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New Global Mandates for Third Party Data Breaches

They are here, are you ready?

Organizations rely heavily on third parties for improved profitability, faster time to market, competitive advantage, and decreased costs. Third-party relationships come with multiple risks, including strategic, reputational, regulatory, information security, and financial risks. In the recent Ponemon Institute survey, fifty-six (56%) percent of organizations say they had experienced a data breach stemming from a third-party security failure.

New privacy rules designed to better safeguard the personal data of individuals, that includes 3rd party data breaches, are becoming requirements around the world. Recent laws include the EU’s GDPR, Singapore’s Personal Data Protection Act (PDPA), Australia’s Notifiable Data Breaches (NDB).

New Canadian legislation just became law on November 1st, 2018. Known as the Personal Information Protection and Electronic Documents Act (or PIPEDA), it requires Canadian companies to alert their customers any time their personal information may have fallen into the wrong hands.

Among the new rules are a requirement that companies must keep accurate data about cybersecurity safeguards for two years following, in case breaches are revealed down the line. The laws also call for “appropriate” digital safeguards at all parts of the business, including dealings with third party contractors. The rules call for penalties— up to $100,000 per violation.

The United States is currently exploring a nationwide data breach mandate. With so many high-profile data breaches in the news, U.S. states are taking steps to tighten up their data breach notification laws. Since June 1, eight U.S. states have either amended or enacted tougher new data breach notification laws. Across the United States, there is growing acceptance of the idea that more steps need to be taken to protect personal information from falling into the wrong hands. The most recent Starwood (SPG) breach will only further this move.

In America, all 50 states (plus the District of Columbia, Guam, Puerto Rico and the Virgin Islands) now have enacted legislation requiring both private and governmental entities to notify individuals of security breaches involving personally identifiable information.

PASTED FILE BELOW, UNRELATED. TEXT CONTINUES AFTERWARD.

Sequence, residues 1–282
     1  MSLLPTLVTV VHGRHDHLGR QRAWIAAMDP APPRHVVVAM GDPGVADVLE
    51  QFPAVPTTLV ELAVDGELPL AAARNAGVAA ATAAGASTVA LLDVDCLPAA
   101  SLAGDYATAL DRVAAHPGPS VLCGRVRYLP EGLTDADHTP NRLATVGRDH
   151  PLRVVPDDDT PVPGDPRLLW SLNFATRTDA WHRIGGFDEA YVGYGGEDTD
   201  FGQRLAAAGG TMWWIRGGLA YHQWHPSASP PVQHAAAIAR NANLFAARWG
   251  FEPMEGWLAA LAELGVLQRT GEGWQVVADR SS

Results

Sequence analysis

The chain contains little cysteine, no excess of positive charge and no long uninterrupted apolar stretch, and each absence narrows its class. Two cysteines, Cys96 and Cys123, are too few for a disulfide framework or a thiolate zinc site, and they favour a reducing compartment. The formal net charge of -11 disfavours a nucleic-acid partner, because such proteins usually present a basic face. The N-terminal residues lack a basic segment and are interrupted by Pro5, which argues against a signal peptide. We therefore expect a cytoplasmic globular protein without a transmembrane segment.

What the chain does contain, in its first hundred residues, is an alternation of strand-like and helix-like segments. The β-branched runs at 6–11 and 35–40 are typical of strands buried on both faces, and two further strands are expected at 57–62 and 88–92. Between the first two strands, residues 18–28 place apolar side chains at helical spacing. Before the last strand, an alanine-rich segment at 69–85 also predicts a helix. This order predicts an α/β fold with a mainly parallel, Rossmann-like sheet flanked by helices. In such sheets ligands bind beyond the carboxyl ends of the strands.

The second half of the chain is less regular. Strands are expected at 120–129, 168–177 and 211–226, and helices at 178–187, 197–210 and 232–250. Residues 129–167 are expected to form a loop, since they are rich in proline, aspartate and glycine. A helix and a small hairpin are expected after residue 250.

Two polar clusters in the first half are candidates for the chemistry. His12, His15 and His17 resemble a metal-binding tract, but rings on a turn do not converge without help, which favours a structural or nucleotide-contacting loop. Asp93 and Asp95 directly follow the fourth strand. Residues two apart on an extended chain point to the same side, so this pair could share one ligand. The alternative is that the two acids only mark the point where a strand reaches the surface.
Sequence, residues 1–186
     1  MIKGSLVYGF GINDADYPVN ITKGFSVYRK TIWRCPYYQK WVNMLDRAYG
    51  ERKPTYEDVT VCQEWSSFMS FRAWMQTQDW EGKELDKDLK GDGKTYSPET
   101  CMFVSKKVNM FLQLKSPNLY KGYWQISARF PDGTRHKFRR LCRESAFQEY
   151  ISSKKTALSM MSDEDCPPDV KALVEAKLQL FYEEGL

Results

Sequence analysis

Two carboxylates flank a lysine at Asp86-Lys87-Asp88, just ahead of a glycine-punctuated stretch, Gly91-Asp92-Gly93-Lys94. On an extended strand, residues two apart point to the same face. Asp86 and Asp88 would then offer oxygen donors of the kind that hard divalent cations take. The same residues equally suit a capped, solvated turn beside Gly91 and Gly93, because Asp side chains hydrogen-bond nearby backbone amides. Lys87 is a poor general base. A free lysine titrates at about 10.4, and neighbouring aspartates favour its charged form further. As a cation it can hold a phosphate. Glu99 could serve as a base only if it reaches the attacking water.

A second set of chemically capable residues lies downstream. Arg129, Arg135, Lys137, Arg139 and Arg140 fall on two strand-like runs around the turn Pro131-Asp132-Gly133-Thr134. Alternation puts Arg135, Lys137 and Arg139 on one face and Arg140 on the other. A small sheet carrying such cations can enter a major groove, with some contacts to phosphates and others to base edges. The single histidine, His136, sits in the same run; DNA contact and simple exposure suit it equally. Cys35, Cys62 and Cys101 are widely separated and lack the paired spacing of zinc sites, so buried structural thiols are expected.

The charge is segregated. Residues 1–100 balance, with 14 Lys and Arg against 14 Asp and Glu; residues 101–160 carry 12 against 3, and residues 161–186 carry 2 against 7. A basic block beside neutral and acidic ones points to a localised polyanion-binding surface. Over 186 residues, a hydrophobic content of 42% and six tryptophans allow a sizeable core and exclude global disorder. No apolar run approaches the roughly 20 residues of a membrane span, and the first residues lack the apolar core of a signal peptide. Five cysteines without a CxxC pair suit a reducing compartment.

You must not only protect customer data within your IT environment, but also ensure that the processes and practices of your third parties are also compliant with various regulations and requirements.

According to Gartner, many companies have yet to design IAM programs specifically for third-parties, particularly when it comes to governance, risk and monitoring. In fact, they themselves have said that companies need an IAM program purpose built to address the third party challenges and that the customization of an IAM system will fall short of addressing all the challenges.

Companies should focus on third party identity risk and lifecycle solutions. With a successful implementation of a 3rd party identity lifecycle solution, companies can answer a few questions:

  • How many 3rd parties are in our environment?
  • Who is the sponsor of a particular 3rd party?
  • What partner does a particular 3rd party work for?
  • What is the risk this individual poses to our organization?
  • Does this third party still work for said partner, and are they still engaged with us?

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We are recently ran a web demo of our solutions on the 15th of November, here is the link to view the recording.


Is Your Business at Risk?
Find out how non-employees could be affecting your company’s security
About the Author
Mark Barry
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